The "Loon Lady" has published three dozen scientific papers about the bird. Her book, "Common Loon Spirit of The North," is scheduled to be published by the University of Minnesota early next year. McIntyre is currently professor of biology at Utica College of Syracuse University.
"Minnesota is very lucky to be full of loons," said McIntyre, who has spent a great deal of time studying the impact of recreational use of the lakes on the big bird. "Loons have had a hard time coping with the explosion of shoreline development and boats racing up and down and through areas where loons nest and raise chicks," she noted.
Loons spend about seven months in Minnesota, McIntyre said, then fly to the Atlantic Coast where they winter offshore, feeding on fish. They arrive in Minnesota in April and May, with the thawing of the lakes, and leave in late September and October.
"Loons mate for life. They return to the same lakes each year. We know that by the yodel of the male, a different and distinct one from the other," the ornithologist explained.
In 1971, McIntyre launched the first loon watch in Minnesota--in which lake dwellers, fish and game wardens and rangers keep track of the number of adults and young on the lakes. It caught on quickly and now occurs in all states that have loons.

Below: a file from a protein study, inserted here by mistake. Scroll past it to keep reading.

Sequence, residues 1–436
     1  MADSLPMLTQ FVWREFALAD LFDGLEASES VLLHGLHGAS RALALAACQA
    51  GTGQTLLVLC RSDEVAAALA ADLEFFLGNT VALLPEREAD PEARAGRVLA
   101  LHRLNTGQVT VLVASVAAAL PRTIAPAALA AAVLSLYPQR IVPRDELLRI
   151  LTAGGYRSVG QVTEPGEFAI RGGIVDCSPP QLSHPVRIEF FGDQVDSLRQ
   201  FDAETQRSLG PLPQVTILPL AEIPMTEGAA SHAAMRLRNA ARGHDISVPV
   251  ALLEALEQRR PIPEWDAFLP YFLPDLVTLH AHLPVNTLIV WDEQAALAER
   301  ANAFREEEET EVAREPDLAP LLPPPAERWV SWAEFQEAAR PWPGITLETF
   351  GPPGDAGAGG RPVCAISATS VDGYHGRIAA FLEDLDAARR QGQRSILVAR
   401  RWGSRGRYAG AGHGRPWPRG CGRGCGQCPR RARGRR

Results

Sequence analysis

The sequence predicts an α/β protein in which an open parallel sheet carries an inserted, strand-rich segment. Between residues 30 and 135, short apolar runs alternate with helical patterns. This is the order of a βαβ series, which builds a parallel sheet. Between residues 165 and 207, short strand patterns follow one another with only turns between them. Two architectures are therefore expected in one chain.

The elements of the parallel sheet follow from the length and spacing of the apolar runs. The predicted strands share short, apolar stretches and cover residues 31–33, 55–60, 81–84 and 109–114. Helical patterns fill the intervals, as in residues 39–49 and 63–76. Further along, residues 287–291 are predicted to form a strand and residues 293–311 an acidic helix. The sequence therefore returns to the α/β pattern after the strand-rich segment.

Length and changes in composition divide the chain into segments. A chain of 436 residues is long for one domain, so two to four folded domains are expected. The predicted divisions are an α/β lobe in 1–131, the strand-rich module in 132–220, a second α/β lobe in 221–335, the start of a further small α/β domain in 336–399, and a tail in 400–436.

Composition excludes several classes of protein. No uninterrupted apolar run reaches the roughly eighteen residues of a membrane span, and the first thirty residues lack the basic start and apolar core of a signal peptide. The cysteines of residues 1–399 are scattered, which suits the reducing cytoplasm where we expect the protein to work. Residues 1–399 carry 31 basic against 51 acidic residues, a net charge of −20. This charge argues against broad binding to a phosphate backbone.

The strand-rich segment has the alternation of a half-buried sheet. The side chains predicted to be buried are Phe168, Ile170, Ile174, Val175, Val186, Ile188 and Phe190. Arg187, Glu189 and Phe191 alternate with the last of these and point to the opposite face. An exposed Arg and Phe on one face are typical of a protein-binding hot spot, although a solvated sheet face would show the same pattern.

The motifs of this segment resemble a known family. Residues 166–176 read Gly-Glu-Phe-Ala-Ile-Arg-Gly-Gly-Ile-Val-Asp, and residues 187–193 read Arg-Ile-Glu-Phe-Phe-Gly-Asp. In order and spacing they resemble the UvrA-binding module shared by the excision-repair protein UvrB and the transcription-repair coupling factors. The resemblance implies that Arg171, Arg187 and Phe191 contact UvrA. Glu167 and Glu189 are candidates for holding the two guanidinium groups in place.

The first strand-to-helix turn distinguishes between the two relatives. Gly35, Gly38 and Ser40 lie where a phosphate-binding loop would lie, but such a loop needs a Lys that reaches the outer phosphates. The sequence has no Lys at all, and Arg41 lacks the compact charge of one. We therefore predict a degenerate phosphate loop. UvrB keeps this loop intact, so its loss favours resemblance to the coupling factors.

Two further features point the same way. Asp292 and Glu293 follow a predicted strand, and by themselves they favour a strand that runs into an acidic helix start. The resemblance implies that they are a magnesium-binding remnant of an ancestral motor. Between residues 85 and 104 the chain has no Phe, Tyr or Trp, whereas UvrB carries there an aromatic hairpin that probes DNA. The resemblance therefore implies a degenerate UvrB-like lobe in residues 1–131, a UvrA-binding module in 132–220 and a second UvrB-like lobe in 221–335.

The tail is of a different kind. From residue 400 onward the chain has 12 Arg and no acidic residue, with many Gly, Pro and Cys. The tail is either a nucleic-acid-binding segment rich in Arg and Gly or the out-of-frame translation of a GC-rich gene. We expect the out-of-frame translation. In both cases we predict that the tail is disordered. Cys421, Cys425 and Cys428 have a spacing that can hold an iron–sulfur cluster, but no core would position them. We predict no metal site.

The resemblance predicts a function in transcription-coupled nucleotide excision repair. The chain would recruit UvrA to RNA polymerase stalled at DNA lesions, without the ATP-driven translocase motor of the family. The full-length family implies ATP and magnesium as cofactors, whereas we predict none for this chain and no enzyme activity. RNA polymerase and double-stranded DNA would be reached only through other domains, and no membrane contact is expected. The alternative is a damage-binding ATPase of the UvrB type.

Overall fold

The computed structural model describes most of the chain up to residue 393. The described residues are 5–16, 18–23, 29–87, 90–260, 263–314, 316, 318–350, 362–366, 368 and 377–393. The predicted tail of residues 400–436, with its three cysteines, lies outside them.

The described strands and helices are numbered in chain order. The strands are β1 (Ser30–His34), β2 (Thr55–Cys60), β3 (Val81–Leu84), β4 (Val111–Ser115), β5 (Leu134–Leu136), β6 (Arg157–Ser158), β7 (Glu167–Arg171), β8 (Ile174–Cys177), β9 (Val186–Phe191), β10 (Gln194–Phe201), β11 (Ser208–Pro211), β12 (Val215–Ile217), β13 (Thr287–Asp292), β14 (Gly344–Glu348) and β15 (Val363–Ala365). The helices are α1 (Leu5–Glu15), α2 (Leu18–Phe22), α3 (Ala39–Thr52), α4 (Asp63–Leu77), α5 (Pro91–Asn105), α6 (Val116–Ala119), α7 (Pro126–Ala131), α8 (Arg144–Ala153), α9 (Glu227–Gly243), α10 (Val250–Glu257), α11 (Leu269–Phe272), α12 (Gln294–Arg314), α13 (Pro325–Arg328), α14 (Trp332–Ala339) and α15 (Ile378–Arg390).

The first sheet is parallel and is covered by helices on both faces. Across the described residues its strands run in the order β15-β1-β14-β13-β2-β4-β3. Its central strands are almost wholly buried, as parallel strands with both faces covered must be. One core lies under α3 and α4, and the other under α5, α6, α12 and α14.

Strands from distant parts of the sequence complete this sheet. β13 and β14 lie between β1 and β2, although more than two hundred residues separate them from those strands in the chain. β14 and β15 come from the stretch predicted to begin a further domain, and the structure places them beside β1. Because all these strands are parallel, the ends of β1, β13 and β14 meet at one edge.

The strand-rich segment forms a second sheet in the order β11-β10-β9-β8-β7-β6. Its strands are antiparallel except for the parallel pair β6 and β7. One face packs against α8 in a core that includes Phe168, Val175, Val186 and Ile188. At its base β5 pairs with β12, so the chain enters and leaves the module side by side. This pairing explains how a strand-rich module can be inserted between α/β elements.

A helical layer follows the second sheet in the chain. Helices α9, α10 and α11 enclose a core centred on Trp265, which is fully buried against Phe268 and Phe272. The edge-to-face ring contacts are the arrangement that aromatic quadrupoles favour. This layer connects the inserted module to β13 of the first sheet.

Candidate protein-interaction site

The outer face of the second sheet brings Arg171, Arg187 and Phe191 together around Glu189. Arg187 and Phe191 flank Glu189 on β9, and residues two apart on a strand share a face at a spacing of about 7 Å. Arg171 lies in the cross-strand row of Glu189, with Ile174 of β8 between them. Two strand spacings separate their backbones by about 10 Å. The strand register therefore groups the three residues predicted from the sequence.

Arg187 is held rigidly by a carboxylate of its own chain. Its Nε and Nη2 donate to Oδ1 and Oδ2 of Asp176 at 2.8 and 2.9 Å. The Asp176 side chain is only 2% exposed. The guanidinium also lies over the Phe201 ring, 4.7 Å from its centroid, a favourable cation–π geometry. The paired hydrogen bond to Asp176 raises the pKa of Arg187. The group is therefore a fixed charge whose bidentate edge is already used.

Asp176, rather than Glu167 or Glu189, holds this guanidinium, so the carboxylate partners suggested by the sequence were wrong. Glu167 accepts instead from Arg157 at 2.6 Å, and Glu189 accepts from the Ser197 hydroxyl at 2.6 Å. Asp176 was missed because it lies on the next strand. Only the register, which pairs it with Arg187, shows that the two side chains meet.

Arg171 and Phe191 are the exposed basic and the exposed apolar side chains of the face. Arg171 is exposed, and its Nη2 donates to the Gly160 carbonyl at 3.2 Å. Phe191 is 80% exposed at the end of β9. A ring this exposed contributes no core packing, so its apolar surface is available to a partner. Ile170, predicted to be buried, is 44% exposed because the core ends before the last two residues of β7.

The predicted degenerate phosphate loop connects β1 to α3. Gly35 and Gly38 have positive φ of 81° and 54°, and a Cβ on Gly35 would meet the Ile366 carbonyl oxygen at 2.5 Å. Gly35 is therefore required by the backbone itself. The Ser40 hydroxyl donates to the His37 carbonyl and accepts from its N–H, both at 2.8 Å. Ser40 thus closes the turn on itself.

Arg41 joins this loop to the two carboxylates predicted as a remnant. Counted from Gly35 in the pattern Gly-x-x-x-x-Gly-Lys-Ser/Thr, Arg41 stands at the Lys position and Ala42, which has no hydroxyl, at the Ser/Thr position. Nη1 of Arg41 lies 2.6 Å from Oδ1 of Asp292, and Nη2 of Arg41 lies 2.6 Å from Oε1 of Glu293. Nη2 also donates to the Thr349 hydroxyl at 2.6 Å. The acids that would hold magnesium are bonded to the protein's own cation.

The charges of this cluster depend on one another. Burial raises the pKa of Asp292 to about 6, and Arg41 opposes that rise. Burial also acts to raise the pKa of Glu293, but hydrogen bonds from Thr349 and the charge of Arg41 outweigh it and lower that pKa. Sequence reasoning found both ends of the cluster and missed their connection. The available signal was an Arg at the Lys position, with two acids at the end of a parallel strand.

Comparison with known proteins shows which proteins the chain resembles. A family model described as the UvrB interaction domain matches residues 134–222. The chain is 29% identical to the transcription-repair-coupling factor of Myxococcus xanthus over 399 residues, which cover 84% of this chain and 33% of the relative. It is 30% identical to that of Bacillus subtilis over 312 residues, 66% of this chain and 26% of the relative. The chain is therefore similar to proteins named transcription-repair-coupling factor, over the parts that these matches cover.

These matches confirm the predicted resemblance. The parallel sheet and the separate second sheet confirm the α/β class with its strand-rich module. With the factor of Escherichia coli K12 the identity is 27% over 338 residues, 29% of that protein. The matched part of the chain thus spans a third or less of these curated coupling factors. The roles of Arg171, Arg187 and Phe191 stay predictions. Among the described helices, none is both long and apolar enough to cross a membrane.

"The overall Minnesota population is stable and healthy," McIntyre said, "but there have been large die-offs of loons wintering along the gulf coast of Florida since 1983. We believe the cause might be mercury but we're not certain. So far it is a mystery. As many as 7,000 loons died in Florida four years ago."
MacIntyre added that, over the years, there has been a major decline in populations of the protected species in New York and New England. New York has 550 loons, Vermont, 43, and in Massachusetts where Thoreau wrote about loons there are only 14.
Loons thrived on Northern California lakes until about the turn of this century. Now, thousands of loons that summer in Alaska and British Columbia winter offshore along the coast of California. "But Californians do not know the loon," MacIntyre said, because the loons do not come to shore, and the bird does not vocalize in winter when feeding on the Pacific offshore.
To help projects supporting non-game wildlife like loons, bluebirds and bald eagles, Minnesotans may fill out a line on their state income tax forms designating a deduction to be made for the program.
"Last year 11% of Minnesota's taxpayers supported the program at an average of $5.40 for a total of $800,000," noted Carrol Henderson, 41, a wildlife supervisor for the Minnesota Department of Natural Resources.
"Loon research; the annual loon census; printing of 100,000 loon posters each year; radio, television and newspaper notices warning people to please stay away from loon nests are supported by the donations," Henderson said.
"We Minnesotans feel very lucky to hear the loons," Henderson said. "As long as we do, we know the wilderness is still here.
"One of the most cherished moments for a Minnesotan is to see a newborn jet black ball of fluff riding on its parents' back during the first couple of weeks of its life."